Gunnar Theodór Eggertsson: Realistic animals and natural science fiction: the animal story in the aftermath of Darwinism
Animals in literature are generally connected to symbolism or allegory and therefore become stand-ins for anything but themselves. In this article, the author argues for the value of literal readings of animal stories by examining the little known genre of realistic animal stories. Such stories were popular in the aftermath of Darwin’s publishings on the inner lives of other species and appeared in the latter half of the nineteenth century as a sort of continuation of the realist school, in addition to the writers’ growing interest in the fields of natural science and ethology. The realistic animal stories focus on the animal standpoint and serve as reminders that different species enjoy various inner lives, even if they might remain inaccessible to humans to a certain degree.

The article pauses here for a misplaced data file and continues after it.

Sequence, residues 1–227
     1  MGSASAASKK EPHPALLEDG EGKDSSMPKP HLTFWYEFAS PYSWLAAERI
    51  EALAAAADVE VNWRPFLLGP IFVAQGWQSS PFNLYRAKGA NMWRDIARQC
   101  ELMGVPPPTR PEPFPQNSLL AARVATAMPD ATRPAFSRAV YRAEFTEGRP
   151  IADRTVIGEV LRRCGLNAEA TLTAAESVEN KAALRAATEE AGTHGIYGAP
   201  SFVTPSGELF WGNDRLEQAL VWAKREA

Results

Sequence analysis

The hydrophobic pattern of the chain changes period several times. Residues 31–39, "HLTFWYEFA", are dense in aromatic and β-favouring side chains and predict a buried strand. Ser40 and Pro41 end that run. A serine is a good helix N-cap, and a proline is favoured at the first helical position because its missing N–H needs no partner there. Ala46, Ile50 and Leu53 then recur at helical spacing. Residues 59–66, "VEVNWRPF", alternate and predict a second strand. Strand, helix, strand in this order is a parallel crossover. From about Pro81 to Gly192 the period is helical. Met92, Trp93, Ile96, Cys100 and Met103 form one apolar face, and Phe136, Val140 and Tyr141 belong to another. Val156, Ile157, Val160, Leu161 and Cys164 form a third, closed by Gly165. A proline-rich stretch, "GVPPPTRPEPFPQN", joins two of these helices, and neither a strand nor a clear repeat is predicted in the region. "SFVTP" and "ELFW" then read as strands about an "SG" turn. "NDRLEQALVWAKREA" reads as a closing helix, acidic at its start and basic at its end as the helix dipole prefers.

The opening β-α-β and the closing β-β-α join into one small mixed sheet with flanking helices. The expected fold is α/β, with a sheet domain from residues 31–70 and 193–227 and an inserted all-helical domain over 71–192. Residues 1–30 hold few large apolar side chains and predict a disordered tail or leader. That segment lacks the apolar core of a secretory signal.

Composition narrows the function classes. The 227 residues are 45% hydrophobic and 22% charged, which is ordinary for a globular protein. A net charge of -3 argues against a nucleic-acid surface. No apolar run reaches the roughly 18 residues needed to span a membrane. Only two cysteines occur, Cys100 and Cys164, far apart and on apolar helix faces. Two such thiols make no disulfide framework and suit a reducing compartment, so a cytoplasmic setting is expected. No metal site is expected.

The author discusses some of the period’s key authors and analyzes the genre’s most distinctive features. Special attention is given to the academic tendency to belittle the animal standpoint in literature, where stories about animals as themselves are rarely taken seriously, unless they can be argued to be representative of the human standpoint in some manner. The author connects this to the philosophy of anthropocentrism and therefore situates the animal stories within an ethical context, which is never far off when the inner lives of other animals are under discussion. Elevating their standpoint is both a relevant and an important issue within a society that routinely belittles their inner lives through the objectification and mass production of their bodies. The realistic animal story is therefore defined by the author as a radical form of literature and described as an important genre that needs serious reevaluation.
Keywords: animal stories, anthropomorphism, animal ethics, factory farming, anthropocentrism, realism, evolution, darwinism